Centralized control by one headquarters department of all supply chain related functions is not uncommon among companies. The shift toward professional oversight of supply chain strategy and its day-to-day implementation may even accelerate the degree of control under a CSCO’s management. In addition to the obvious, two other large benefits will accrue. First, a centralized function helps provide greater transparency throughout the company, avoiding problems such as having a third party logistics provider that is blacklisted in one country but is a strategic partner in another. Second, it helps with the effective implementation of strategy. Standardization, for example, has to be more than saying it would be nice if you could standardize a bit, and then being ignored. Usually, a CSCO-led supply chain function can push these initiatives far better in a multi-national company’s end-to-end supply chain.

It is evident that Supply Chain Governance is fast gaining importance as a management tool to not only execute on Corporate Responsibility and Sustainability initiatives, but also to effectively execute on cost savings and cost avoidance opportunities beyond the norm. In addition, it also helps decentralize execution while maintaining control centrally. As a result, the Supply Chain Governance organizational structure establishes both oversight and management of logistical function capabilities by defining roles, responsibilities, and accountability.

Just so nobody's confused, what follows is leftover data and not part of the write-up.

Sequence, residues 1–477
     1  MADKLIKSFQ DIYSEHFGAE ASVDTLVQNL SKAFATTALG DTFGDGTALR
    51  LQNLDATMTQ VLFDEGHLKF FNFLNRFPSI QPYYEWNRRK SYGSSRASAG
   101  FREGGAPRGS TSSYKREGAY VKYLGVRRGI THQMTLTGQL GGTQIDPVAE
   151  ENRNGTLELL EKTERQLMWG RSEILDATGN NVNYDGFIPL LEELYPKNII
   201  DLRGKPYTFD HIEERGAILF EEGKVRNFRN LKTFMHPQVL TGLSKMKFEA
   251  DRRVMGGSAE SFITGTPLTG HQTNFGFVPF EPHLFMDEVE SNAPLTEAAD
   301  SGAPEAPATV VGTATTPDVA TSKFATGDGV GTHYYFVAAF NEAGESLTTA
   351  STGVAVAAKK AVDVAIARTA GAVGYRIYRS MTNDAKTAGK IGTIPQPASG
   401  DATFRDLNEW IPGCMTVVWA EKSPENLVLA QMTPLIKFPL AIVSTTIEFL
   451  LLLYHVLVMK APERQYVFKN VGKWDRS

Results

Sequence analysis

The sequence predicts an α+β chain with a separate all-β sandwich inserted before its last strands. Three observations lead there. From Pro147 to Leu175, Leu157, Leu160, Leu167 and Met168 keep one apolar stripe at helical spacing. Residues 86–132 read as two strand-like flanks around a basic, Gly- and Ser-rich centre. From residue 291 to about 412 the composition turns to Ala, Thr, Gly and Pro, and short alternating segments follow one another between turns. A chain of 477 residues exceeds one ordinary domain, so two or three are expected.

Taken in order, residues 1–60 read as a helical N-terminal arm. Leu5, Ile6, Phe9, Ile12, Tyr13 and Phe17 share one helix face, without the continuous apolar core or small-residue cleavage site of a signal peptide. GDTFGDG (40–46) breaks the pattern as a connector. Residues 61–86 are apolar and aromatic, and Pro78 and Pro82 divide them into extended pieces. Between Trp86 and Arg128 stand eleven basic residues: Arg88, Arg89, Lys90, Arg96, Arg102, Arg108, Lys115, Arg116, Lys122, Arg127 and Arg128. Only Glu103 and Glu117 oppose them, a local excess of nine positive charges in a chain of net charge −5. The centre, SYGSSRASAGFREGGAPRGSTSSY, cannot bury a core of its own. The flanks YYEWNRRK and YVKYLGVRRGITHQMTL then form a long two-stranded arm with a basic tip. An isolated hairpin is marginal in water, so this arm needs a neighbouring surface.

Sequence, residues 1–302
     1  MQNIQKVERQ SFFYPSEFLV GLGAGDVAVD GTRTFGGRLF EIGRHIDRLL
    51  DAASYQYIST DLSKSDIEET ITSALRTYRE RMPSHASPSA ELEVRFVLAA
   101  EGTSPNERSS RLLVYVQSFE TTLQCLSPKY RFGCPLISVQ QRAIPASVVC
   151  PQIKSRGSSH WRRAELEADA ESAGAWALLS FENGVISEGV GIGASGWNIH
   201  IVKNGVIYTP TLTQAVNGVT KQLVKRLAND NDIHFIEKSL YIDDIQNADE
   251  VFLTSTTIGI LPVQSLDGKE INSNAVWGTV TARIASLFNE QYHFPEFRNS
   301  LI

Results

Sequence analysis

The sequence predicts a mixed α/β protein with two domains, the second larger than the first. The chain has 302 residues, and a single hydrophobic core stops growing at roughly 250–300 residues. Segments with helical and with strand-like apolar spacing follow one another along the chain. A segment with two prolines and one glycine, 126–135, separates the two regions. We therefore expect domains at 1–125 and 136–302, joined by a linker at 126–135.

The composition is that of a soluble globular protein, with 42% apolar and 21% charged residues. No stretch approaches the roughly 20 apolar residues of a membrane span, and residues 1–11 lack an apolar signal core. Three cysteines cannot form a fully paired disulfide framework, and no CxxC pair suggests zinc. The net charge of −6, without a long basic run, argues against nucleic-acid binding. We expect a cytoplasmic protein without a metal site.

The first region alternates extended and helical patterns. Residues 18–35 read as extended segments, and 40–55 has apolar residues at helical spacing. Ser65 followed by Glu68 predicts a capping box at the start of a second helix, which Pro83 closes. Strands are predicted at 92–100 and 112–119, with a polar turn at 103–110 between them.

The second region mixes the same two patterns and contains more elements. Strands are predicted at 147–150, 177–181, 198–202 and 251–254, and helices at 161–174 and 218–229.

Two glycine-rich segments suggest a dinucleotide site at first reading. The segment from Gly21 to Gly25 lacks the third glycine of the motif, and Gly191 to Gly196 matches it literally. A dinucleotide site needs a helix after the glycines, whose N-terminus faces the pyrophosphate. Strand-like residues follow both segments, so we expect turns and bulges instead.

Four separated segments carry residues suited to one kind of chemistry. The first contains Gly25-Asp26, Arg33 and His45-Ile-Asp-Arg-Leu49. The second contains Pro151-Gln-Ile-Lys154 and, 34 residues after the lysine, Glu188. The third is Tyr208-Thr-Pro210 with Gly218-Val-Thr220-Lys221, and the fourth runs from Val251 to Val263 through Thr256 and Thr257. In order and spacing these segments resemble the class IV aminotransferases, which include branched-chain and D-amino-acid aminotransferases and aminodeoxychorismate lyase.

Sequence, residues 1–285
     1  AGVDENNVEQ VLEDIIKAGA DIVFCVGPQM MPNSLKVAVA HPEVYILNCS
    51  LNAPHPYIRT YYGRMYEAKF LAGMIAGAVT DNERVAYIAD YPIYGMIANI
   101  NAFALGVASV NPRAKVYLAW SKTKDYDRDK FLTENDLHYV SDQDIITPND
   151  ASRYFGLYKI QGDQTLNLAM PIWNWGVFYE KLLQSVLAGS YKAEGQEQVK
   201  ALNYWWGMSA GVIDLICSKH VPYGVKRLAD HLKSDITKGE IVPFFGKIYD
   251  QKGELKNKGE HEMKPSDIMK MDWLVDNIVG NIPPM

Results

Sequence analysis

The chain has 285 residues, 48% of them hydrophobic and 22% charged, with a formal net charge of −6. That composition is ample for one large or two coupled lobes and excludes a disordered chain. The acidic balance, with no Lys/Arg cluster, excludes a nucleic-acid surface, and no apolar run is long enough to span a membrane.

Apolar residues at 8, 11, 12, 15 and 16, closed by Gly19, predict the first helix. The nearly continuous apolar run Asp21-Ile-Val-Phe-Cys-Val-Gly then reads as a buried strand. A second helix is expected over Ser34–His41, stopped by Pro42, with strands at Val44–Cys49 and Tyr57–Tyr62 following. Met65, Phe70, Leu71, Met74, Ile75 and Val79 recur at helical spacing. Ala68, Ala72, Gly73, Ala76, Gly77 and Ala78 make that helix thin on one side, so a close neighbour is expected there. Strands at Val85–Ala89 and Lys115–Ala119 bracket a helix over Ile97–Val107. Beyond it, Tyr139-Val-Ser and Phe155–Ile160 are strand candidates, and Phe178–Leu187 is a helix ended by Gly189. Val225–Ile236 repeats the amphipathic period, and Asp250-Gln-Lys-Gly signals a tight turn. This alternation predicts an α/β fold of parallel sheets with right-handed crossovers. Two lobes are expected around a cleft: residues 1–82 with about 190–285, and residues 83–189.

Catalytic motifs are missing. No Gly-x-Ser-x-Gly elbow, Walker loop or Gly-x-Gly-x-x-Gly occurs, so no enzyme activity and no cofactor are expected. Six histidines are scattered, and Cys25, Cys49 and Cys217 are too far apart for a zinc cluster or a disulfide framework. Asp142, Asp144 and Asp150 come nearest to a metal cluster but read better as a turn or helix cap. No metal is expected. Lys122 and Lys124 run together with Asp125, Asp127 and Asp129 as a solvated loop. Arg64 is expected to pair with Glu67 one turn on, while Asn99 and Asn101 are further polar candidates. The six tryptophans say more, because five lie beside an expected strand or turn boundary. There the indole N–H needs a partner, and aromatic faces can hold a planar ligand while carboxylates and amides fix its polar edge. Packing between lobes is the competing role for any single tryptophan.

In conclusion, plan accordingly.

This article is part of the monthly series authored by the Institute for Supply Management’s Logistics & Transportation Group Board Members, who are current practitioners, consultants, trainers, and educators. In future columns, they will continue sharing their views on a number of Supply Chain and Professional Development topics.

Thomas L. Tanel, CTL, C.P.M., CISCM, is the President and CEO of CATTAN Services Group, Inc., specializing in Logistics and Supply Chain issues. He is also the Chair of ISM’s Logistics & Transportation Group and can be reached at or (979) 212-8200. Membership in the Group is open to all ISM members who are responsible for or have an interest in the Logistics & Transportation fields.